I assume that your Eagle files were version 6 (opened the files with notepad++ and saw the leading XML declaration). I have a registered copy of eagle professional version 5 and have refrained from loading version 6 until I can cough up the license fee. I know that there is a freeware version but the danger for us users of version 5 is that (accidentally) opening a v5 file with eagle 6 will convert it to the V6 format and is non-reversible. Most of my files are too large to edit in freeware mode. So... will stick to you PDF files for now. <br><br>Last time I played with a function generator, I used the ICL8038 chip. Alas, that, the X2206 and the MAX038 are no longer available. That leaves only variations of what you designed. The new wave (pun intended) is frequency generation with DDS.
you can simply make a copy somewhere else and open the copy with V6, that way only that version is converted into v6... voil&aacute; problem solved
Let me know if you need a reprint of anything, I didn't take the version discrepancy into account.<br><br>Yeah, I've used a chip called an NTE864 that's similar to the one you listed. They're definitely easier to use if you just need a function generator. But I'm still trying to break the habit of wanting to understand everything :)
I am 73. I began fixing computers in 1960 - 64k memory, only paper tape input and output. Machine language programming.<br>My point is analog computers are the future! Digital computers will get faster and smaller but still must simulate analog situations, like traffic control. <br>You are on the right track! Stay with the basics and keep avoiding black boxes - they are dead-ends but are useful timesavers after you have mastered the basics.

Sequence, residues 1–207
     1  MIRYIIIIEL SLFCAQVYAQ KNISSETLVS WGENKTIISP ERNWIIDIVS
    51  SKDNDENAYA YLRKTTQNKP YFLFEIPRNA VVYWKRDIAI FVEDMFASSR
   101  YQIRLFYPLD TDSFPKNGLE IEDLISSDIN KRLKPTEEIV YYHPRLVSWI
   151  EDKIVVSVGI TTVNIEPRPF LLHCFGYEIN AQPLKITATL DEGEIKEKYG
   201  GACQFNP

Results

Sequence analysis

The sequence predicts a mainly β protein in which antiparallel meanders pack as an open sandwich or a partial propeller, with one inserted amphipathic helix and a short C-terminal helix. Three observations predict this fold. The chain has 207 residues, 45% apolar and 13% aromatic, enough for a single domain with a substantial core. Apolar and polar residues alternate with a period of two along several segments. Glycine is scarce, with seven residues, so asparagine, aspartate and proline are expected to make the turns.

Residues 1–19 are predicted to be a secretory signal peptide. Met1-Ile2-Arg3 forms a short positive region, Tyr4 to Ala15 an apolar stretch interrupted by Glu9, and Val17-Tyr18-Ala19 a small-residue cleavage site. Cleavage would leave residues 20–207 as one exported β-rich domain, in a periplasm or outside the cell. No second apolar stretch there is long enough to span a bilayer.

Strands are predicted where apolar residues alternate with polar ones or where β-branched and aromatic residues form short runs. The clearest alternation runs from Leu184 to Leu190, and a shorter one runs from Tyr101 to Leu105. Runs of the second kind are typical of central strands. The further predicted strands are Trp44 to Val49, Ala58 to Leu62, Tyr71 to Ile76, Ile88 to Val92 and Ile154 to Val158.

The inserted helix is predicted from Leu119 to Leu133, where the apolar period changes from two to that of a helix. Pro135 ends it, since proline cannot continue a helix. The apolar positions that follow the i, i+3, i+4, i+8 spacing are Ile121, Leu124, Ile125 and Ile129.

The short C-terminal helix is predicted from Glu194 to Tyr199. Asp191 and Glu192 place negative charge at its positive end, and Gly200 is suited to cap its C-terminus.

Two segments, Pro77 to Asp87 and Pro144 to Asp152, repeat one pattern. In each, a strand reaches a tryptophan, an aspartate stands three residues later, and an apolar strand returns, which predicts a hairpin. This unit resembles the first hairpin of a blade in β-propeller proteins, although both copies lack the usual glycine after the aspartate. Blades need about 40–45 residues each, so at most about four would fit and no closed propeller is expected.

awesome, man... i was looking for this kind of project for a while... one question: is posible to index or to change the freq selector to make it CV (voltage controller)?? could you help me ???
I'm not sure what you mean, you want something that changes the frequency based on a reference voltage instead of an RC rise time? I don't know off hand of an analog method for doing that, but there are digital-based chips called voltage controlled oscillators that do that kind of thing.
Great little project, although I'd guess you'd be getting cross over distortion without any bias on the two output transistors. If the generator is to be used as an audio gen' then perhaps you could use a TDA2030 chip or some lower power chip even, also have you solved the spiking problem, perghaps a 100nF cap across the supply lines as close to the TL084 as possible might do the trick.<br><br>Great again, all the best :)
Thanks shadow! That's true, I was expecting to see quite a bit of crossover at higher frequencies where the negative feedback begins to break down, but it actually does very well. The whole project functions almost flawlessly over the human audible range, and only gets really messy towards 100-200kHz. The spiking problem was greatly reduced but not eliminated by decreasing the order of magnitude of the offset potentiometer. The power transistors are kind of a hack so using a chip that's actually designed for audio output would probably be a good idea.

About This Instructable




Bio: I'm a graduate student in the Materials Science department of the University of California at Santa Barbara. I made these Instructables while I was ... More »